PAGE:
U.S.-Native American Policies in the last half of the 19th century usually get watered down to only the Plains Indian Wars, Custer’s Last Stand, and Geronimo. History textbooks and classes highlight only these policies because they show the United States’ great strength and will-power. They leave out the questionable policies of assimilation and boarding schools, reservations, and the general American dislike of Native Americans because they do not show the United States at its finest hour.
Not only did the U.S. government seek to squelch Native American uprisings, it also sought to stop those cultural traits from being passed to younger generations by assimilating them in boarding schools. Even religious groups felt the need to assimilate and convert these young Native Americans, and they publicized the need for money to pay them in journals that were circulated. These schools took in Native American children and attempted to erase every trace of their former Native American life. They received an American education and were also given American clothes. While at the schools, the Native Americans were required to perform manual labor to contribute to the upkeep of the school, but were not allowed to be compensated for their work.
While most Americans can provide several facts about the Trail of Tears and Native American Reservations in Oklahoma, U.S. policies concerning Native Americans in the Mid- and North-West United States are not covered by textbooks. Several Native American tribes were put on reservations together in locations that are not traveled by most Americans. The U.S. government attempted to keep these citizens in places that were not seen by others so that they would not be noticed or remembered. While on these reservations, Native Americans were given rations, something that other Americans only experienced during times of extreme need such as war.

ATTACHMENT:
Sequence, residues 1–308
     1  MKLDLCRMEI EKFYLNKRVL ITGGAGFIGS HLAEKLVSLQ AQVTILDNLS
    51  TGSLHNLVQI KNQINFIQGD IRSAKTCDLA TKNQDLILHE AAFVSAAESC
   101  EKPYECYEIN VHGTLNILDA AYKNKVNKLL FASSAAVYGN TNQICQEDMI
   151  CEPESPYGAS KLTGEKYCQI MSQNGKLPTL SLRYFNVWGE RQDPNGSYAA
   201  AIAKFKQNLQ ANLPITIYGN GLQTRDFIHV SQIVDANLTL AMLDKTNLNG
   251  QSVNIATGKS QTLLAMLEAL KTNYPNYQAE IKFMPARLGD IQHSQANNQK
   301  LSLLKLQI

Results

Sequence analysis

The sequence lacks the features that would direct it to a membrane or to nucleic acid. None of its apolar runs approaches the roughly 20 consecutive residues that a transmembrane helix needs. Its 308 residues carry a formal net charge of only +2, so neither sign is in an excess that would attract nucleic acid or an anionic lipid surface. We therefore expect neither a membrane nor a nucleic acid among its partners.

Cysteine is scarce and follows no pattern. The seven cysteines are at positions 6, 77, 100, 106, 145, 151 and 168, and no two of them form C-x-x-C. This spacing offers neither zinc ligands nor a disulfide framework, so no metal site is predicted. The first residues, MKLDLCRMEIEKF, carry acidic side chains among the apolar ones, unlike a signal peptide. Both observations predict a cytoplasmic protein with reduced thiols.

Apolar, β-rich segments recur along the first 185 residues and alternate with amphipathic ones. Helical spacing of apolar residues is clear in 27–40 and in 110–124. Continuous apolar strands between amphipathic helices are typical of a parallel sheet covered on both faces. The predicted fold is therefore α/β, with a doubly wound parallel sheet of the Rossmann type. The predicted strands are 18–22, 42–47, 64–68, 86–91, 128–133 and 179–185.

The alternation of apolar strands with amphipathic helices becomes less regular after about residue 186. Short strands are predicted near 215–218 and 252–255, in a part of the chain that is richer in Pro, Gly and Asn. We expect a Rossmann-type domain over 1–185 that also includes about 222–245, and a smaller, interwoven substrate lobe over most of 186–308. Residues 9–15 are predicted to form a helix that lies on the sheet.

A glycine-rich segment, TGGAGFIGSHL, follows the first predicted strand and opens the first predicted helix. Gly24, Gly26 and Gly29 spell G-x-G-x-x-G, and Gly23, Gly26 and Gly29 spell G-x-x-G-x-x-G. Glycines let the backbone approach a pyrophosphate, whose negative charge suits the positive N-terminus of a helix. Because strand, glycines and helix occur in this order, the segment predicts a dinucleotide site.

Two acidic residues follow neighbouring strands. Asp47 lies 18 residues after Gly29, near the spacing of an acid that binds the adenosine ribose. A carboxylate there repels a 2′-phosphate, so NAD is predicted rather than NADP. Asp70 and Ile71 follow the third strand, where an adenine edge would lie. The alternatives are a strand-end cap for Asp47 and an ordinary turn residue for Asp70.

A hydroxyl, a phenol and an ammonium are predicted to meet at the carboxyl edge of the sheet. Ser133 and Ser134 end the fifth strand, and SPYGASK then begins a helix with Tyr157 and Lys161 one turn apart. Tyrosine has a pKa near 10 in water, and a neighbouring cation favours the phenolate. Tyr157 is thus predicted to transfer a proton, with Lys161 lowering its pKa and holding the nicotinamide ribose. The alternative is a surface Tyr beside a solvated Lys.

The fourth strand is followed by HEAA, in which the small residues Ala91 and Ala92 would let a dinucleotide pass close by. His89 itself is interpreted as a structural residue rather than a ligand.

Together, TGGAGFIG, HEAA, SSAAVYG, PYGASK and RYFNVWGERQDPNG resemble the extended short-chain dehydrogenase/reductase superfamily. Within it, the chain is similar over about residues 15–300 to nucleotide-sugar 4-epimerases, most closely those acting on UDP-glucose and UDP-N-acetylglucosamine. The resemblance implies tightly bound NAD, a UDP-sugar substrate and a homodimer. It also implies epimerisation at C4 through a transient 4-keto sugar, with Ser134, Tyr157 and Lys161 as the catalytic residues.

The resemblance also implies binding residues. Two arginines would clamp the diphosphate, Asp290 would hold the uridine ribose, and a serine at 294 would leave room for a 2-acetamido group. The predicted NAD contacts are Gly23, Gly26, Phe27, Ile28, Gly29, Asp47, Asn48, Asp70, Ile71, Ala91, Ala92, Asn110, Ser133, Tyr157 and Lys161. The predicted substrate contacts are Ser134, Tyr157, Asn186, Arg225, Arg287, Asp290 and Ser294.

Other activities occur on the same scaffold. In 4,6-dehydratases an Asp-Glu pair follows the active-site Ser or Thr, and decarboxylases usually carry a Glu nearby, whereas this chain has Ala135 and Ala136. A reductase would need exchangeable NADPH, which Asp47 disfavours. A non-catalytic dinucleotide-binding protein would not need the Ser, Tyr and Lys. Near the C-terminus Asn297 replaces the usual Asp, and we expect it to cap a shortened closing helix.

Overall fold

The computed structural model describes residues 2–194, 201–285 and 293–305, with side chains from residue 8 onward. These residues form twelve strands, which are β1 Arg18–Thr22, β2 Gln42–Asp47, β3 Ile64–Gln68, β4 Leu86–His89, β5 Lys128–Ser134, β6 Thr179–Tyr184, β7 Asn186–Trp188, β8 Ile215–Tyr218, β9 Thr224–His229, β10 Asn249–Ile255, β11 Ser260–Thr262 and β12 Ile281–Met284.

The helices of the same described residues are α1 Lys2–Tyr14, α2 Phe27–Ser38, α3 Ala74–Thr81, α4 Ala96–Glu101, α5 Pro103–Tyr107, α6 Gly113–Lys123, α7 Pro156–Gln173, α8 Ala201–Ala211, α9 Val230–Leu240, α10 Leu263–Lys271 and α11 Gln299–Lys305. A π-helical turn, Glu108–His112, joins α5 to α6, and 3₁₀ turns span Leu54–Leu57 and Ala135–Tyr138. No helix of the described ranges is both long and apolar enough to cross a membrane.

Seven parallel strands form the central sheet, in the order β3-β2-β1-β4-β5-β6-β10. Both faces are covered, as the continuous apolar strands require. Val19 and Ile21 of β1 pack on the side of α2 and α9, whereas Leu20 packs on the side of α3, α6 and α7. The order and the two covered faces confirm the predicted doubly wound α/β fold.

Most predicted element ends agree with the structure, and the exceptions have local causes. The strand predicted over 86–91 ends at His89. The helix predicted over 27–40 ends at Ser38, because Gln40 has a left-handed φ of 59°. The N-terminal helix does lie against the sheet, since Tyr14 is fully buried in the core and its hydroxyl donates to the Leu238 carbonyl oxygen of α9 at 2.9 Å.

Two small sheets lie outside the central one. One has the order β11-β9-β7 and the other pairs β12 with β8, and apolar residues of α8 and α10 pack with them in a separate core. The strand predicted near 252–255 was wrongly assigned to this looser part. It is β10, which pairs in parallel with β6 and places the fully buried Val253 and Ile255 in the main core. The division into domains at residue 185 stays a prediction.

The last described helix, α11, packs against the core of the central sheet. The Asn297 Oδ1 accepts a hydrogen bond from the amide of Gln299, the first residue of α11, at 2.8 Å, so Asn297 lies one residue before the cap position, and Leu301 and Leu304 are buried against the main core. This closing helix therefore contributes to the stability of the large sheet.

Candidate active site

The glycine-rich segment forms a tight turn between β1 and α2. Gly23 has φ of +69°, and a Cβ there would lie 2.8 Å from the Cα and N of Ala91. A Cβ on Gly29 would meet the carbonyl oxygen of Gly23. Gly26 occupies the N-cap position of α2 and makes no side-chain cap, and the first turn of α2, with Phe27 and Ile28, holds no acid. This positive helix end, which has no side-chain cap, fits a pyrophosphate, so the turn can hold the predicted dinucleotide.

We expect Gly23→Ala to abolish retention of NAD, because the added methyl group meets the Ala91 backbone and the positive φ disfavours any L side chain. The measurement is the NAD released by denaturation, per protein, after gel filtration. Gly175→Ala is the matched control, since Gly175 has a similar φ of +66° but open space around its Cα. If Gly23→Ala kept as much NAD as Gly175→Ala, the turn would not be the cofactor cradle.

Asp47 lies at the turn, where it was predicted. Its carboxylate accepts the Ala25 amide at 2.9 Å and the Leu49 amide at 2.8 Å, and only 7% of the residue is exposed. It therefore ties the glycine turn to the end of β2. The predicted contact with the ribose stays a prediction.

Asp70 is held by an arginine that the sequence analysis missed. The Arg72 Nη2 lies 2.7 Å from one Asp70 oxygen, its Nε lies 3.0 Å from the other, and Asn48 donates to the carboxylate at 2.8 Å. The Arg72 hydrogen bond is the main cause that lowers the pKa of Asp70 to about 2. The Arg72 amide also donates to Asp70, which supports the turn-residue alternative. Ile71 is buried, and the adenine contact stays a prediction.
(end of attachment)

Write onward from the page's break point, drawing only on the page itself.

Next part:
Editorial cartoonists recognized the U.S. government’s fragile policies with Native Americans by illustrating them as a house of cards. The government saw the Native Americans as a problem but did not know how to deal with them, even after trying several approaches. Others saw Native Americans as a menacing snake that the government could only appease and not fully control.
This primary source activity has been designed to expand students’ knowledge of U.S.-Native American relationships in the late 19th century by providing them an opportunity to see several different perspectives by analyzing primary sources. Following the analysis activities for each artifact is a performance task which requires students to synthesize all the information they learned and form their own opinion of it.
While examining these artifacts, keep these two questions in mind:
1. Have U.S. policies toward or relationships with Native Americans been just?
2. Was America imperializing its own citizens?